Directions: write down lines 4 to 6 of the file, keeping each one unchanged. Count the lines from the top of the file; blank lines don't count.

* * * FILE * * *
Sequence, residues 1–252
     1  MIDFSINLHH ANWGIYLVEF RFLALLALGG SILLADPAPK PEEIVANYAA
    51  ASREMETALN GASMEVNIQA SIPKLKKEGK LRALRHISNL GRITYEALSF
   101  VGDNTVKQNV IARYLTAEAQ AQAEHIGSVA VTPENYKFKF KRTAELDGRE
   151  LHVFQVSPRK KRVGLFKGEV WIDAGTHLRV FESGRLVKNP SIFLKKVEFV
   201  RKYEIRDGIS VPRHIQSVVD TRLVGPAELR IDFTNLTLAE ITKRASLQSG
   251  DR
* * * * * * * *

   101  VGDNTVKQNV IARYLTAEAQ AQAEHIGSVA VTPENYKFKF KRTAELDGRE
   151  LHVFQVSPRK KRVGLFKGEV WIDAGTHLRV FESGRLVKNP SIFLKKVEFV
   201  RKYEIRDGIS VPRHIQSVVD TRLVGPAELR IDFTNLTLAE ITKRASLQSG